Delta Dental insurance of Tennessee has awarded a $50,000 grant to Keystone Dental Care to help the nonprofit clinic provide dental care for uninsured working adults.
Diane Dempsey, executive director of Keystone Dental Care, said the grant will underwrite the cost of approximately 2,000 patient visits, or nearly half of the 4,000 to 4,500 patient visits provided by the clinic annually. With the $50,000 grant, Dempsey said the clinic will be free to use other funding resources to purchase needed supplies and equipment.
Missy Acosta, vice president of marketing for Delta Dental Tennessee, said the grant is part of a total of $300,000 the company awarded to nonprofit organizations in Tennessee last month, and part of a larger Delta Dental initiative to improve access to oral health care for low-income children and adults across the state.
Tom Perry, Delta Dental Tennessee’s senior vice president and CFO, said dental health is the company’s mission and the motivation behind its presentation of 20 percent of its net revenues to dental schools and to nonprofit organizations, including a total of $1.7 million in grant awards presented by the company during 2011.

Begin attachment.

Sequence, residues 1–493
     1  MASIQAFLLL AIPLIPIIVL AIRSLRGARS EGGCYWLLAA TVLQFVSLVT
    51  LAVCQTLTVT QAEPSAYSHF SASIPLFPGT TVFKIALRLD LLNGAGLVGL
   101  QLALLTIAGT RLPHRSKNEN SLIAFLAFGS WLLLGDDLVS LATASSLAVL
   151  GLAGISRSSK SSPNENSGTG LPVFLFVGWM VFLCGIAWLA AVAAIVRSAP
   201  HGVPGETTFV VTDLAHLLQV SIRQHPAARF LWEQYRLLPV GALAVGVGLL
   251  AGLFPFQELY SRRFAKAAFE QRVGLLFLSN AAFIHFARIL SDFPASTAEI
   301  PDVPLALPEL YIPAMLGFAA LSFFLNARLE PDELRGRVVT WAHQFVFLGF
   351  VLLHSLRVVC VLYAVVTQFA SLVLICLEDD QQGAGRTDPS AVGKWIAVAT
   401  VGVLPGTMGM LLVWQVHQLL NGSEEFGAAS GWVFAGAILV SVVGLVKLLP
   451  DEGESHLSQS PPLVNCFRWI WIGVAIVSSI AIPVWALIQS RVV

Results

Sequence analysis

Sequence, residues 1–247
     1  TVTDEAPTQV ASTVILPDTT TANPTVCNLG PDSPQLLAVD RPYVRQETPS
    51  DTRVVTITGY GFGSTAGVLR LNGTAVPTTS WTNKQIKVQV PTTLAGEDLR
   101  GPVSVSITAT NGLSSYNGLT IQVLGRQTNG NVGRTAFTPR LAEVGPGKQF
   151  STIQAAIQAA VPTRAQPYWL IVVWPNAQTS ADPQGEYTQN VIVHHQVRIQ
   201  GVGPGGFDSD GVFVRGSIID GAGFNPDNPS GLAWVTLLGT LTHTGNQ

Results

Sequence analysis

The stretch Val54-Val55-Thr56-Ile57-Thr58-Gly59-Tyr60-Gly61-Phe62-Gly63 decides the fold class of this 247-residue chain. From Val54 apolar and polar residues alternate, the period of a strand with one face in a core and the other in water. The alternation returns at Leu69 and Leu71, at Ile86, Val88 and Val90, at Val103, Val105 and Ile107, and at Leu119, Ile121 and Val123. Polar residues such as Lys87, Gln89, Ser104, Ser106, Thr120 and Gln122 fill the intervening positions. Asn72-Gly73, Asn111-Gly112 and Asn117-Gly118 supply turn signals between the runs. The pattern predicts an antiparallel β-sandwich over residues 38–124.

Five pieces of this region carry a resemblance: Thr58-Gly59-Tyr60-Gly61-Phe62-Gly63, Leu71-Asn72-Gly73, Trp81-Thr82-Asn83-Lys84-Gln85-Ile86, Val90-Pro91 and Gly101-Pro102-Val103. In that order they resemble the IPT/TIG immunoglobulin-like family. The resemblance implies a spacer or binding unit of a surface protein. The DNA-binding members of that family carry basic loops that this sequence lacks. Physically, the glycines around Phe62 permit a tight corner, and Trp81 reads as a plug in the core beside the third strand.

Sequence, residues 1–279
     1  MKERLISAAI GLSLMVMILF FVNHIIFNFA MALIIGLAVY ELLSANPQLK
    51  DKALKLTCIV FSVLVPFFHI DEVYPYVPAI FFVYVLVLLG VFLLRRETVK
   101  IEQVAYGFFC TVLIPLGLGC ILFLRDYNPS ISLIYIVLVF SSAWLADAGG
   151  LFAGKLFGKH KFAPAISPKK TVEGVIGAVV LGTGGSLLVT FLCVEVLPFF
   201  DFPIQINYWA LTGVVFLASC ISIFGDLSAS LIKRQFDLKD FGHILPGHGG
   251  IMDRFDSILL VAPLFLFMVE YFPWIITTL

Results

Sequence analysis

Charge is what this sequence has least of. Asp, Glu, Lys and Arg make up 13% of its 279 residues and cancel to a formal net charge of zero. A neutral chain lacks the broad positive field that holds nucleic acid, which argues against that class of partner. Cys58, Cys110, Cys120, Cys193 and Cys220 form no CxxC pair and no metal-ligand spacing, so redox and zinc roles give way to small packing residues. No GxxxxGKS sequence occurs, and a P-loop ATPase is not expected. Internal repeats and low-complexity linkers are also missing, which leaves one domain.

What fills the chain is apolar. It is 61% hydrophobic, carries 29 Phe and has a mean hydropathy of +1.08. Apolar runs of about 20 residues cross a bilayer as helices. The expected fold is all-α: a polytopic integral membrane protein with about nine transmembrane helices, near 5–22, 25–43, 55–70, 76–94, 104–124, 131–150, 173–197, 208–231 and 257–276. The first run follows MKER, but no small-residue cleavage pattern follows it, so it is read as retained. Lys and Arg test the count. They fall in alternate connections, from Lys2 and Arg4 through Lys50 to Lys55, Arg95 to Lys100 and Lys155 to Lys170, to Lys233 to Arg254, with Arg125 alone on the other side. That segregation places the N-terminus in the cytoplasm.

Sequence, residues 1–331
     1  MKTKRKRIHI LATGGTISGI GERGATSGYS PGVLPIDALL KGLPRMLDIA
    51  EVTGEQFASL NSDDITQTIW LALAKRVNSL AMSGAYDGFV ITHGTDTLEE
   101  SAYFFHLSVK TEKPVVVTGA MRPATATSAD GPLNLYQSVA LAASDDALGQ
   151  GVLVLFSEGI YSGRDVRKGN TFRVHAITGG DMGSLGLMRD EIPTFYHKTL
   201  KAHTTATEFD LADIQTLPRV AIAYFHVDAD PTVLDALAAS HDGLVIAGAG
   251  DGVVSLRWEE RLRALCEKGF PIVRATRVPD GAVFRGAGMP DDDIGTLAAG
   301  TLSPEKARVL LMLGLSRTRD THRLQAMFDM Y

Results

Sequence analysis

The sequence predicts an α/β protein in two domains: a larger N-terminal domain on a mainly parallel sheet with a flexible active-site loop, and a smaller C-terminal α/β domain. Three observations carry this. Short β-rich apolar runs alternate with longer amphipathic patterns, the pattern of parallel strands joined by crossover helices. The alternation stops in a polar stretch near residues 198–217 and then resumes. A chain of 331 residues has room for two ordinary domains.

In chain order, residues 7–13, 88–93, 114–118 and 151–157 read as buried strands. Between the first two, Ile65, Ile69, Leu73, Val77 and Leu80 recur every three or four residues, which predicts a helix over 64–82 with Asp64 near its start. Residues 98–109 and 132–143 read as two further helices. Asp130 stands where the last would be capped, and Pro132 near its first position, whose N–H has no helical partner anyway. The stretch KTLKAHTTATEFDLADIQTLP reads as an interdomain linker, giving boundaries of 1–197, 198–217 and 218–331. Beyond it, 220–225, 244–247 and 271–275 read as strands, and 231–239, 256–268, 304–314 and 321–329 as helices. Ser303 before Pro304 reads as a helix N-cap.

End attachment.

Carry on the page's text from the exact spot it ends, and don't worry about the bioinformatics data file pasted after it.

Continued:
U.S. Rep. Phil Roe, R-1st, who recommended Keystone Dental Care for the grant, said dental care for uninsured adults is one of the nation’s most underserved needs.
Roe said he was in Washington working on the tax cut extension and had just reviewed the many cuts included in the new federal budget when he received a letter from Perry inquiring about nonprofit organizations in East Tennessee that could use the $50,000 to improve access to dental care for low-income residents of the region.
“When a I read the letter, I almost flipped,” Roe said. “With all the cuts we’re making, here was a company that wanted to give away $50,000. I knew exactly where this could go so I called Keystone and I called Tom in Nashville and I hooked them up.”
Roe thanked Keystone Dental Care’s volunteers for meeting the need for dental care here and Delta Dental for supporting Keystone and other nonprofit organizations in communities across the state.
“What you do speaks volumes,” Roe said.